ICE Accountability Report
Following a series of disturbing reports at immigration detention centers around the country and refusal by Immigration and Customs Enforcement (ICE) to claim responsibility for the medical conditions at private, for-profit detention centers, Congressman Jason Crow is stepping in to provide the oversight that ICE has failed to fill. On July 9, 2019, his office announced they will be conducting weekly visits of the Aurora Contract Detention Facility every Monday at 12:00pm. With the POD Act enacted into law, today Crow and his team do a mix of unannounced and scheduled visits to the facility each month.
The goal of these visits is to obtain information about the treatment of the detainees and possible public health crises. Upon completion of each tour, Crow will release the report on his website to inform the public of the information obtained by his office.
In February of 2019, following multiple cases of disease outbreaks at the Aurora Contract Detention Facility operated for ICE by GEO Group, Congressman Crow made an unannounced visit to the federal facility where he was denied entry. Ultimately, Crow was denied entry for 24 days. Since his first days in office, Crow has been a leader in the fight for governmental transparency and accountability.
Below please find outline a timeline of events relating to the Aurora Contract Detention Facility and Crow’s work holding ICE accountable.
Timeline of Events
February 11: Crow holds conference call with detainees at the Aurora Contract Detention Facility (“Facility”) and immigration lawyers to discuss disturbing reports regarding the conditions the facility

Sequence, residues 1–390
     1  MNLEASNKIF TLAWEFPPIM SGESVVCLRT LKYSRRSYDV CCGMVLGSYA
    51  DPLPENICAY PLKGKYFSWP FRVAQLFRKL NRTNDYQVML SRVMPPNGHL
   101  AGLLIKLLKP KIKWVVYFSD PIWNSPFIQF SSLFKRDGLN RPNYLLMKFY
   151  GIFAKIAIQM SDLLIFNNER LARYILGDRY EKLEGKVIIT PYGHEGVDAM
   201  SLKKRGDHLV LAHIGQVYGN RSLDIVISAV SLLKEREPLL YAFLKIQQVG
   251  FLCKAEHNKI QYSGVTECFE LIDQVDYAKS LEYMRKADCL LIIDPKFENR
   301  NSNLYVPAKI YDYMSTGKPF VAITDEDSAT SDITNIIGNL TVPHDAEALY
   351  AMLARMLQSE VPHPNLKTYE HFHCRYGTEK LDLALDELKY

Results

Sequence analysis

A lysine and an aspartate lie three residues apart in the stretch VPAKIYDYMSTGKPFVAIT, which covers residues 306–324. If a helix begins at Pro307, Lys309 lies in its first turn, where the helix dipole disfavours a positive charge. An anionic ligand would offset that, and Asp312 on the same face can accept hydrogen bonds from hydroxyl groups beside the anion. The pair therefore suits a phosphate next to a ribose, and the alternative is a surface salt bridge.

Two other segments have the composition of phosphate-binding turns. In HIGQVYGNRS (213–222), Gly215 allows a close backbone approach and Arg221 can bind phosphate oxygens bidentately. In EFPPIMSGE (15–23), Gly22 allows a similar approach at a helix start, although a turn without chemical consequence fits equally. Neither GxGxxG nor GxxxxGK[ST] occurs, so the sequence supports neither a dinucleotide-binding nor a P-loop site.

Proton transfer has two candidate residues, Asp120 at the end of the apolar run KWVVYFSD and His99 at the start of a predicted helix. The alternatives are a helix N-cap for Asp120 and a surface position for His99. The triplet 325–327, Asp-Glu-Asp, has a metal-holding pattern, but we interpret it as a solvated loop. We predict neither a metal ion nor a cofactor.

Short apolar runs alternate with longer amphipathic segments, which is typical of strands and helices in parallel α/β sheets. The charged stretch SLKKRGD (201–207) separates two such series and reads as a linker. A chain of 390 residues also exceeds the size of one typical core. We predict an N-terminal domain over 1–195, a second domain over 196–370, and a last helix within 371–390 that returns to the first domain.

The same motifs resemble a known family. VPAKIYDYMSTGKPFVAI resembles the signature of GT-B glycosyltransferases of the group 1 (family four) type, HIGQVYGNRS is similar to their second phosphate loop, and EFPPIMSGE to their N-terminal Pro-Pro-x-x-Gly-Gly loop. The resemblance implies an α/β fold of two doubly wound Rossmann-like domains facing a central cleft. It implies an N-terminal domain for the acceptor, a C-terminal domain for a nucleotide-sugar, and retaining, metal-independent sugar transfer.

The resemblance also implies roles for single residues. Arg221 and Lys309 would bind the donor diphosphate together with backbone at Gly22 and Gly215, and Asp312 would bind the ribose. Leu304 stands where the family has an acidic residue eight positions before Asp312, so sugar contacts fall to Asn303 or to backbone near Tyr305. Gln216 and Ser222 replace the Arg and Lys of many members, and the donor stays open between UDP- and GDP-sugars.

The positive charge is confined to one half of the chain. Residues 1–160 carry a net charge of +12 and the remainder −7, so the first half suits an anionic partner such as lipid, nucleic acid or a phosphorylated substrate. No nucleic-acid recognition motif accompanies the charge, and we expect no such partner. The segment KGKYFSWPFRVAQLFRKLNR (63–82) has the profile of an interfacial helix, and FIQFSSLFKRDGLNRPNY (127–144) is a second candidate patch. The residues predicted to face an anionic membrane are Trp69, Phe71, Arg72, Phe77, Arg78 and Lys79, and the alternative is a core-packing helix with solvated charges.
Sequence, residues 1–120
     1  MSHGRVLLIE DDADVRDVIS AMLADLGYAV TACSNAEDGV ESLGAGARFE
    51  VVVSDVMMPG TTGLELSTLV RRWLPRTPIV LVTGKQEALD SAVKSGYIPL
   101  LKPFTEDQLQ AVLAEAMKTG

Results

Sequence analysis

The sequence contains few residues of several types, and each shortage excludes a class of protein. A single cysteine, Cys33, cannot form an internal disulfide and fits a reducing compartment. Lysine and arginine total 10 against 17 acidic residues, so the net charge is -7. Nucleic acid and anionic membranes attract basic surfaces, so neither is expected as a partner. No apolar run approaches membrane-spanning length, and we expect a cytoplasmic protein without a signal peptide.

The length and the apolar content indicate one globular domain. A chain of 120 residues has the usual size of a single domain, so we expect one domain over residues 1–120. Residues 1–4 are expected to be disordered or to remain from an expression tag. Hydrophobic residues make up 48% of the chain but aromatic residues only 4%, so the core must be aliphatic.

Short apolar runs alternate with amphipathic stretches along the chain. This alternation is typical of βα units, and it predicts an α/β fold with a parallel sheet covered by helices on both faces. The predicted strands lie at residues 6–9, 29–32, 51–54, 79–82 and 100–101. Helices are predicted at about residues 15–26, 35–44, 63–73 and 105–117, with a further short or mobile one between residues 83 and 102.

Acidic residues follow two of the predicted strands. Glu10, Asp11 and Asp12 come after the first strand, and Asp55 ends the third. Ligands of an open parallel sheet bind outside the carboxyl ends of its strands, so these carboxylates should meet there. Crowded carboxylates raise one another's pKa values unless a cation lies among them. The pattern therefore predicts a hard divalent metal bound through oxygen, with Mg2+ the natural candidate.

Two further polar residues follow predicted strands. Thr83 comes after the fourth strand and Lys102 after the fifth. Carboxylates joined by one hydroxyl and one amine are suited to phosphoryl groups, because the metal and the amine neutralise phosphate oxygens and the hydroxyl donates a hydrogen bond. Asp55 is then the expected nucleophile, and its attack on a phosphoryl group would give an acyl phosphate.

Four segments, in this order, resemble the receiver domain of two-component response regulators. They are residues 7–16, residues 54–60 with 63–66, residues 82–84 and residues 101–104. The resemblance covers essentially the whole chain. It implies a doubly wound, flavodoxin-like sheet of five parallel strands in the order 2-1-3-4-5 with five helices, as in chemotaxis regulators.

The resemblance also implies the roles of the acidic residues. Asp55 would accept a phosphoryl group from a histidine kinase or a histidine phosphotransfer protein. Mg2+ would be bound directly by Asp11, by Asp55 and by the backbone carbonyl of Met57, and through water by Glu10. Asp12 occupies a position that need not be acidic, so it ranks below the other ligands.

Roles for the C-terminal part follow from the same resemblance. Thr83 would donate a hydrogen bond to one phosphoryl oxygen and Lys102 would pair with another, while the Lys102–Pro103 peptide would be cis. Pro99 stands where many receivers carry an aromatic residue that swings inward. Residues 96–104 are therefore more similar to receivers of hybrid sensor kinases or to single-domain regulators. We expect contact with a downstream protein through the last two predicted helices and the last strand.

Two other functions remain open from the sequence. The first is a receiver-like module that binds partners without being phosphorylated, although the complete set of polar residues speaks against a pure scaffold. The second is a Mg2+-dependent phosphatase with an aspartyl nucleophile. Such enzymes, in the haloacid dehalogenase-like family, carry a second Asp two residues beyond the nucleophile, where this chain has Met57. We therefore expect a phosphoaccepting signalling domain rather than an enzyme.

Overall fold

February 20: Crow makes unannounced visit to Facility and sends letter to DHS Secretary Nielsen regarding public health concerns at the facility. Following concerns raised by Crow, ICE reveals a mumps outbreak
February 21: Crow leads call with the Tri-County Health Department and the Colorado Health Department to discuss public health concerns
February 28: Crow leads coalition letter with nine other members of Congress to ICE Acting Director Vitiello demanding answers on public health risks at immigration detention facility and ICE’s oversight role
March 1: Crow requests tour of facility and is denied
March 4: Crow requests tour of facility and is denied. Media is given a tour of the facility
March 15: 24 days after his initial request, Crow is given entry and tour of the facility
April 4: Crow leads letter with 19 other colleagues to Appropriations Subcommittee on Homeland Security Chairwoman and Ranking Member to include language allowing Members of Congress into all detention facilities within 48 hours of request
April 16: Crow obtains copy of the 2011 contract between ICE and GEO Group through a public website
May 20: Crow introduces Public Oversight of Detention Center (POD) Act, a bill to require members of Congress to gain access to federal immigration detention centers within 48 hours of request
June 12: Crow successfully secures amendment in the National Defense Authorization Act to prohibit defense spending to be used to house forcibly separated children from their families
June 25: Four months after sending letter to ICE,Crow receives response where ICE denies responsibility for medical conditions at private, for-profit detention centers
June 26: Crow partners with Rep. Joe Neguse to request congressional hearing to investigate activities of GEO Group
June 28: Four months after sending letter to DHS, Crow receives response
July 9: Crow launches weekly visits to the facility
December 20: POD Act is signed into law as part of a FY 2020 spending bill, allowing all members of Congress to access immigration detention facilities with no notice, and for congressional staff to gain entry with only 24 hours notice
A template of the accountability report that the office of Rep. Crow will be using can be seen here. Questions are based on ICE’s Performance-Based National Standards, updated as of 2016.